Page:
Joseph goes on to write of ‘disinterred coffins’, referring to the 18th century discovery of two coffins on the summit of Round Hill, together with the possible remains of a Roman Villa, a reminder that no power lasts forever, as the ‘lonely Cwichelm’ could no doubt attest; that even the ‘earthly great’ will end up in the ground with the lowliest of us. Here again, Joseph touches on my own thoughts. My friend, Will, who I visited Wittenham Clumps with, was once a member of the Peace Convoy which was attacked by police at the Battle of the Beanfield in Wiltshire on 1st June 1985 whilst on their way to set up the Stonehenge Free Festival. That is a story for another day but for now I will say that I was both moved and delighted when I discovered that, when he died two years after our visit, the burial site chosen for him following a series of ‘coincidences’ was, without knowing it at the time, on the very farm that the Peace Convoy had been so brutally driven from so many years before. There have always been those who hope to restrict the common people’s access to the land. In life they are very often able to do so, but death is the ‘True Leveller’ and Will’s bones are reclaiming the land, becoming part of it. No earthly power has control over that process of beautiful disorder. Joseph would have liked that I think.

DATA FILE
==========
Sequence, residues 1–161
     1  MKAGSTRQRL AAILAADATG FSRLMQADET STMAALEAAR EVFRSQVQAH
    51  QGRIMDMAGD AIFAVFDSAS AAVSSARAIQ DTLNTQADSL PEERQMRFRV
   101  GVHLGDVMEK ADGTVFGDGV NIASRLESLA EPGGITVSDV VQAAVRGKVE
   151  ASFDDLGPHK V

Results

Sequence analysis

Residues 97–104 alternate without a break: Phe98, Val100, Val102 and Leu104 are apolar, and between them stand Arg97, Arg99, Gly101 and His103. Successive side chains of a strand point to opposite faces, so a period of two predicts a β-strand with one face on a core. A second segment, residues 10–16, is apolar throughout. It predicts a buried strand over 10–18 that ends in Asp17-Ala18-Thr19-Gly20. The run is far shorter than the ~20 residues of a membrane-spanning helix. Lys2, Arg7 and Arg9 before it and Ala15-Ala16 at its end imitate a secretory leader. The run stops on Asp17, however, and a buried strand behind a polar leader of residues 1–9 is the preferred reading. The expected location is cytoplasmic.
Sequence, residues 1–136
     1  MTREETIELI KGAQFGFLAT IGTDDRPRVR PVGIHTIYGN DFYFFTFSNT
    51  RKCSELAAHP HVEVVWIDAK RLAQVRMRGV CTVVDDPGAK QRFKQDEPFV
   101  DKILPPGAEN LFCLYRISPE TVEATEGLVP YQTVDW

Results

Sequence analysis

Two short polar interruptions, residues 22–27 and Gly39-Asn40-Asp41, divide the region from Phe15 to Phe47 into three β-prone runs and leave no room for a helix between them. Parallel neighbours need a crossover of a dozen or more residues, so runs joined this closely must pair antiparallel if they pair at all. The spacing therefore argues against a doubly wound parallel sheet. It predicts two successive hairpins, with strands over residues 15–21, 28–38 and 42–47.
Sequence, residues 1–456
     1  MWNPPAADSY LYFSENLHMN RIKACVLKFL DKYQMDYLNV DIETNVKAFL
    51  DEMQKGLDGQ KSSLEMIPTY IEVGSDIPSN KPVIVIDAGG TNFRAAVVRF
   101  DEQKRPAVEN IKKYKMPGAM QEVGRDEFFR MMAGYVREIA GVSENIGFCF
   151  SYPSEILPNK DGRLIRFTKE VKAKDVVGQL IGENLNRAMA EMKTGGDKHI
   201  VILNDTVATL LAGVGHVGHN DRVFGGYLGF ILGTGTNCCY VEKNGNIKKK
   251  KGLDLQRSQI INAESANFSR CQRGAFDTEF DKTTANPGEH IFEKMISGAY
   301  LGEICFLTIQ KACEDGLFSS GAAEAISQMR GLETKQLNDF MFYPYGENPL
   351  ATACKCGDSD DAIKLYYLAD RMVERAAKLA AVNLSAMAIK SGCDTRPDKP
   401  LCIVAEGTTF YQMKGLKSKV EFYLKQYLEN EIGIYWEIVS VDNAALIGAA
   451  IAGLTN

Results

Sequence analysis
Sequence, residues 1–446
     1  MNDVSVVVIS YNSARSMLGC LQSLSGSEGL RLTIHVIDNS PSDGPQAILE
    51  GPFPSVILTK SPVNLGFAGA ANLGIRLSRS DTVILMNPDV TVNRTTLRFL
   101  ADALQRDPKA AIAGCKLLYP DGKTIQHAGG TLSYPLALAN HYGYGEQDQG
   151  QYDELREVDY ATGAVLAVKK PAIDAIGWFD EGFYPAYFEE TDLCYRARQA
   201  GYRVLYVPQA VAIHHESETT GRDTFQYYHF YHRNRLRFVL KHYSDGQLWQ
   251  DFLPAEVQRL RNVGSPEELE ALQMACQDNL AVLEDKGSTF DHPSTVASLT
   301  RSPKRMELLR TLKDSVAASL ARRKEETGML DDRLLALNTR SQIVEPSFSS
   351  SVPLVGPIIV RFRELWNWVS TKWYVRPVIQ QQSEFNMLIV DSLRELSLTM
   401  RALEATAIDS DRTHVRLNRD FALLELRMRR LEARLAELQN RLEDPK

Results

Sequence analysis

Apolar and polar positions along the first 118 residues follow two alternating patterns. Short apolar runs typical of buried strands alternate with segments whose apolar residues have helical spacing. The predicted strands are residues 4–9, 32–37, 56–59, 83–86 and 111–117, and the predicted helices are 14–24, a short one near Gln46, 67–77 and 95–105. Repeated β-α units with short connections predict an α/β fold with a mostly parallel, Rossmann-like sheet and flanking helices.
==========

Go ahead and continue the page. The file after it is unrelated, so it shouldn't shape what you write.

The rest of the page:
As for the beech tree which Joseph chose to carve into; she is believed to have been planted around 300 years ago but her health began to decline in the 1980s and she collapsed through a combination of rot and weather challenging to an elderly tree in July 2012, just a few weeks before I visited. Beech trees are not particularly long living and have shallow roots so this is all part of her life cycle. In fact, she lived an amazingly long life before she fell. Once she had been found to be in a dangerous condition, as many of the trees on The Clumps now are, a crane was brought in to make her safe but she disintegrated as she was being lowered to the ground. Luckily, British geographer Henry Osmaston took a rubbing of Joseph’s poem in 1965 before it became almost illegible and this was made into a plaque, which was erected on a Sarsen stone close to the tree in 1994 to commemorate 150 years since the carving was made. Of course, the plaque, which was sponsored by the Natwest bank, makes no mention of the reasons that Joseph may have had for making such a dedicated and lasting statement, nor for writing the poem itself. We must work that out for ourselves and in that way hopefully remember him as he would have wished. 


The plaque erected on top of Wittenham Clumps to commemorate 150 years since the carving of the Poem Tree

The tree herself has been left where she fell and will provide a valuable wildlife habitat and nutrients to the surrounding area in the years ahead. To me, she is just differently alive.


The fallen Poem Tree ~ differently alive ~ 2nd Sepetmber, 2012
The fallen Poem Tree ~ differently alive ~ 2nd Sepetmber, 2012

The Poem Tree, 2nd September, 2012

A few days after her transformation a tribute of flowers, including gladioli, was left on her broken trunk, such is the affection for Joseph and his Poem Tree, and I believe that we found a trace of that offering when we visited. 


Offerings of flowers left for Joseph & his Poem Tree after she fell in July 2012